What I find most interesting about this story is that both the white hats and the black hats share a common goal. It's your money.

The black hats are saying "Give me your money if you ever want to see your data again." The white hats are saying "Give me your money and we'll try to keep your data safe."

They're both picking your pockets, all you have to do is choose your master.

A weak approach (0)

Anonymous Coward | about 6 months ago | (#46714917)

I'd wager most of the encryption attacks bring their own encryption tools with them. Otherwise your target would be able to just block file encryption altogether and prevent the attack from working.

Re:A weak approach (1)

mlts (1038732) | about 6 months ago | (#46716217)

Another item is that a lot of enterprises have a data recovery agent. That way, if EFS is used, one just cracks open that key, decrypts everything, calls it done.

I'm sure this will be fixed in the next version of the software. Malware is the most well written and meticulously supported software being created in the computer industry these days.

disclosure (2)

DriveDog (822962) | about 6 months ago | (#46714943)

At first Symantec's actions sounded dismaying, but in the long run using every opportunity to publicize the folly of using that API is probably beneficial. I've spent years trying to dissuade people from using (old) Excel's password "protection" due to the false sense of security. That Win API has the same effect—convinces the masses they're employing secure means when in fact they're not.

Re:disclosure (3, Insightful)

Last_Available_Usern (756093) | about 6 months ago | (#46715049)

It must be at least mildly effective if the only legitimate means of unencrypting the data was a copy of the keys that only a set of researchers dedicated to the issue were able to find.

Re:disclosure (1)

Zmobie (2478450) | about 6 months ago | (#46715065)

It half ass works. I mean if you need REAL security, you're right, no way in hell I would trust my files to the built in windows encryption (other than maybe BitLocker drive encrypting, but that is an entirely different mechanism). I do find it funny/interesting/depressing the "security culture" that is now marketed to the general populace. They basically throw buzzwords at them until people believe they know what they're talking about.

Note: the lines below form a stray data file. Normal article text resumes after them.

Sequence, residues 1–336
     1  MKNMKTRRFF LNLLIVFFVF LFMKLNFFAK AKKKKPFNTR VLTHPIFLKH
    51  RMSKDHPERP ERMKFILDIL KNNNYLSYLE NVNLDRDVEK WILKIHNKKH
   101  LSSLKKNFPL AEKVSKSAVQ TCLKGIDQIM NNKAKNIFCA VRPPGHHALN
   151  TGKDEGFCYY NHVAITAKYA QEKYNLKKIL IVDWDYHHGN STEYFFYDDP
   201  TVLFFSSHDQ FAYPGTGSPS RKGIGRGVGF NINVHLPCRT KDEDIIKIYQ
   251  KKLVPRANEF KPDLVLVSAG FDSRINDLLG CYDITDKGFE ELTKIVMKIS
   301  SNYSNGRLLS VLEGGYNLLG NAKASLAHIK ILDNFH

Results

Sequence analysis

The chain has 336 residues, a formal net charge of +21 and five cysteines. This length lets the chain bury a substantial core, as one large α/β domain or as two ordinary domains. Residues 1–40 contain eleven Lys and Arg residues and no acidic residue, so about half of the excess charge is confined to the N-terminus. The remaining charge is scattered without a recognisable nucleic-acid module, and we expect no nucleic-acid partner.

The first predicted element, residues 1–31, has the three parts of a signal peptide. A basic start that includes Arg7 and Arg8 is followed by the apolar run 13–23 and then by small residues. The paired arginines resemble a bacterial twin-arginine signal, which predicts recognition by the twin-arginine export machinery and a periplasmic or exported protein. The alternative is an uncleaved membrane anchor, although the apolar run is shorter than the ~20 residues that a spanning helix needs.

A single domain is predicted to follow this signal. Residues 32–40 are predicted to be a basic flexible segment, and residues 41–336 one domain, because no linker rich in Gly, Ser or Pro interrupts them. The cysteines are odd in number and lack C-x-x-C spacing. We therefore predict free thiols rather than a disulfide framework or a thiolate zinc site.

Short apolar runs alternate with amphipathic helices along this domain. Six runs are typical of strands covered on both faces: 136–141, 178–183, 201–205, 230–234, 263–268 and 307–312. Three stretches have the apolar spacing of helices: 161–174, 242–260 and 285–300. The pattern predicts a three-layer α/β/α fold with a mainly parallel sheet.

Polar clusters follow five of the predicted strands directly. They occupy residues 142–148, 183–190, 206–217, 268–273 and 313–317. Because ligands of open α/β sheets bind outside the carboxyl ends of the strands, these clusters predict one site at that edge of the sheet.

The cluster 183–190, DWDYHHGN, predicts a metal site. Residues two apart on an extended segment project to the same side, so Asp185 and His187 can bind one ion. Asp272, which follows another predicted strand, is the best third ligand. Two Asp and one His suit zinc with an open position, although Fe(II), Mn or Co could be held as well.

Re:disclosure (1)

mlts (1038732) | about 6 months ago | (#46717105)

The ironic thing is that "real" security is pushed to the side. Old fashioned things like gpg, PGP, proper backups [1][2], sandboxing, and other basic items tend to fall into disuse while "lets just stash it in the cloud and take their word for it, as they use 'encryption' and 'firewalls'" seems to be the mode of operation of the day.

For example, I've seen some "cloud encryption" systems that require one to set up an account... and where the actual encryption key is stored can be anyone's guess (the websites on some of those sites sure do not give any details other than logged in == file access, not logged in == no access.) For remote storage, I rather use a secure archiver (PGPZip, BCArchive, even WinRAR on occassion) for file archives and TrueCrypt or similar for disks. I just prefer to pack my own parachute when it comes to encryption.

[1]: People make fun of tape, but even a relatively older tape format like LTO-4 still can provide a lot of use. It would be nice to see a "consumer grade" format that can hold a couple TB native and can handle USB at multiple speeds so shoe-shining is minimized. Maybe even add a SSD as a buffer to further minimize issues with buffer underruns.

[2]: Copying documents to a cloud drive is not a proper backup. One delete command issued by malware, and that data is gone. This also applies to copying data to external hard disks or USB flash media... all it takes is something to run through all devices, run a blkdiscard on the device, and if that doesn't work, a dd if=/dev/zero of=whatever, and everything is gone. Using BD-R/DVD+R/CD-R media is closer to a better backup because if the disk is finalized, barring something on the burner's ROM, malware won't be able to tamper with that media. Proper backups are where media is offline, preferably with media sent to at least one offsite location. However, not many places do this right these days.

Re:disclosure (1)

Zmobie (2478450) | about 6 months ago | (#46718283)

A lot of it seems to be liability for large groups. An IT department can outsource data backups and data security to "the cloud provider" and if something goes bad they only get a bit into trouble for picking the wrong provider. Meanwhile they can just point the finger at their provider and say "not our fault."

Individuals on the other hand just want their damn data, but so few are even educated on IT security at all. I know so many software developers and IT workers even that don't know the first thing about security. Meanwhile my home server I'm implementing drive level encryption on a hardware RAID 5 with physical locks going on the tower (setup isn't done, still have to modify it) with the BIOS completely locked down to where you can't do anything unless you know the BIOS password or the Windows Server Admin password.

Yea, it is probably way over the top for me, but I would rather know that any data I put on there is reasonably secure as opposed to just raising hell with some provider that did god knows what with that data before they lost it.